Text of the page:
Colossal Biosciences was started by Harvard geneticist George Church and technology entrepreneur Ben Lamm in September 2021 with $15 million in seed funding. The company raised another $60 million six months after launching despite doubts over the feasibility of resurrecting extinct species. Winklevoss Capital Management, motivational speaker Tony Robbins and Paris Hilton are among its investors.
Executives with Colossal say that by bringing back the thylacine, which was once widespread across mainland Australia and the islands of Tasmania and New Guinea, they can aid in efforts to re-balance Australian ecosystems that have suffered decades of sustained biodiversity loss.
The Tasmanian tiger was unique among marsupials with its iconic wolf-like appearance and diet of fresh meat. It was a quiet animal with thick black stripes on its body and, fully grown, measured about 6 feet from its nose tip to the tip of its tail. Thylacines were hunted to extinction by European settlers who thought of them as a threat to Tasmania’s sheep industry.
Colossal plans to take cells from the thylacine’s closest living relatives, like the dunnart, and genetically engineer them with thylacine DNA.
“You’re actually putting all of those genomic changes into that living cell, and then in the end, you are left with a cell that is a thylacine cell, and you can turn that cell then back into a whole living animal,” said Andrew Pask, an evolutionary biologist who is leading Colossal’s efforts to revive the animal. Similarly, Colossal would combine genetic material from Asian elephants with frozen woolly mammoth DNA to bring back a version of the latter species.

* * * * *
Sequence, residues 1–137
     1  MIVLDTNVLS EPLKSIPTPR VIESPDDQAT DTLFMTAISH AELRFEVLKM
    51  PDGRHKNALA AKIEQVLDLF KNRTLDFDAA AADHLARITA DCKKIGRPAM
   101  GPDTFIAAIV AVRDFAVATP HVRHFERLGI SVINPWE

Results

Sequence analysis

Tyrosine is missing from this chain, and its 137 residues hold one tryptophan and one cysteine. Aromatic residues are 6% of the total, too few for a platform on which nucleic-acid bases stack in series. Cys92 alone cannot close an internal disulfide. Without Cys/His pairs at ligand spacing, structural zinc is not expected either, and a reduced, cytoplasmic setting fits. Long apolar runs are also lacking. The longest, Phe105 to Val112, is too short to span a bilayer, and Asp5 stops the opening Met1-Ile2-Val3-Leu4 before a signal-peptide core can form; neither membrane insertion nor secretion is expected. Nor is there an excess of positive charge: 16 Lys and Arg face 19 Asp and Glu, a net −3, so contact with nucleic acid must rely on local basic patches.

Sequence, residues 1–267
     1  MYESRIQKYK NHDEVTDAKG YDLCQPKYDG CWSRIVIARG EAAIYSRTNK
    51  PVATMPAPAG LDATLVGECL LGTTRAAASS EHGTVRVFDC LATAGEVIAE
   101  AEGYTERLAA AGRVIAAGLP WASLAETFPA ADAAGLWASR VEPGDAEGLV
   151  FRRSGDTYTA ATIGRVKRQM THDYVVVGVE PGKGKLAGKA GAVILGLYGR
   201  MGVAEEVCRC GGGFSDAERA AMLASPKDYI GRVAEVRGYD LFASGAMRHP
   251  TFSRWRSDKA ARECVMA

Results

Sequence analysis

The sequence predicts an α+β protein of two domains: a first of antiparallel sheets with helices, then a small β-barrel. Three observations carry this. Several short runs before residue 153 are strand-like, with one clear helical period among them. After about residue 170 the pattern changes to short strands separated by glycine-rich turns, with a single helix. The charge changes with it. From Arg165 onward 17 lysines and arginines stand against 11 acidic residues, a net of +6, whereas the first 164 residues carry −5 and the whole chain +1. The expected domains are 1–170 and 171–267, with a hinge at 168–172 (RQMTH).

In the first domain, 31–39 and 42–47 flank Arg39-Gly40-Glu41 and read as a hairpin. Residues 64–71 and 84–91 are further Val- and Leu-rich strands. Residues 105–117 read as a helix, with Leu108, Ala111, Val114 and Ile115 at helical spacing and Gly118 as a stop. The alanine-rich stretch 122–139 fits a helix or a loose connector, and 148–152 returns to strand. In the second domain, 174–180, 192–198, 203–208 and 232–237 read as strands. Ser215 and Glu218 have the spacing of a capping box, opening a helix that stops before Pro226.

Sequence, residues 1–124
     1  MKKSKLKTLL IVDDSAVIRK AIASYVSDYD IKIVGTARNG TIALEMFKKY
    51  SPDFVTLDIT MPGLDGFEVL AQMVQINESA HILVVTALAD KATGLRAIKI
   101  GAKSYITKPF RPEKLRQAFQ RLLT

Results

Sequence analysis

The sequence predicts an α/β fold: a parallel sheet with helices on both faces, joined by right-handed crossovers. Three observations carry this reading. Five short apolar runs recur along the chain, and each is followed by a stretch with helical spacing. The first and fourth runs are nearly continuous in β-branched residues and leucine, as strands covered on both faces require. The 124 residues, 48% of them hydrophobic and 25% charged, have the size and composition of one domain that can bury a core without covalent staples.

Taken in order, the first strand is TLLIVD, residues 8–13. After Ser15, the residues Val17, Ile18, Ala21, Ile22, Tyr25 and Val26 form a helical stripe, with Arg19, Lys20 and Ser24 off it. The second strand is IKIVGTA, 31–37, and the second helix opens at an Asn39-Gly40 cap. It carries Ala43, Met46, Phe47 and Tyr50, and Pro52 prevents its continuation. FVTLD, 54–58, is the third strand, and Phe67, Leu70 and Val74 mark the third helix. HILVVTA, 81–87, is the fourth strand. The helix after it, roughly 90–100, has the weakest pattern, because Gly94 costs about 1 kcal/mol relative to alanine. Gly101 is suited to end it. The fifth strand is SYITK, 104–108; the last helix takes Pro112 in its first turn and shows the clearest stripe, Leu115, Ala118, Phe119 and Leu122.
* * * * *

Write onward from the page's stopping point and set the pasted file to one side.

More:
Not all experts are convinced by Colossal’s plans. Critics have called such experiments a distraction and say if they succeed their effects on the climate and ecosystems would be unpredictable.
Thomas Gilbert, a paleo-geneticist at the University of Copenhagen in Denmark, tested the possibility of resurrecting the Christmas Island or Maclear’s rat. Gilbert’s team had well-preserved DNA samples and abundant reference data from the animal’s cousin, the Norway rat. Yet even with all that information, he says, the researchers were unable to sequence the remaining 5% of the Maclear’s rat’s genome — leaving out important attributes like immunity and smell.
“If you have a million [genetic] differences between an elephant and a mammoth, you can’t necessarily change any one of those without there being a problem,” Gilbert said in an interview. “If I take a … Honda car, and if you try and put tractor tires on it or truck tires, it’s not gonna work, right?”
But Michael Archer, a paleontologist at the University of New South Wales in Sydney who does not have a relationship with Colossal Biosciences, says that efforts aimed at de-extinction are fundamentally necessary.
“It may well be enormously challenging and certainly a lot of work, but we can be certain of one thing — extinct animals will definitely stay extinct if we don’t try these things,” he said. “Some projects are moving forward quickly; others will take more time. In principle there is no fundamental reason why de-extinction should not be possible now or in the near future.”
Colossal’s most recent round of funding drew investment from entertainment world figures like Thomas Tull, former chief executive officer of Legendary Entertainment, and the Hemsworth family.
“The Tassie Tiger’s extinction had a devastating effect on our ecosystem and we are thrilled to support the revolutionary conservation efforts that are being made by Dr. Pask and the entire Colossal team,” actor Chris Hemsworth said in a statement.
–With assistance from Josh Saul.
To contact the author of this story:
Kevin Simauchi in New York at firstname.lastname@example.org
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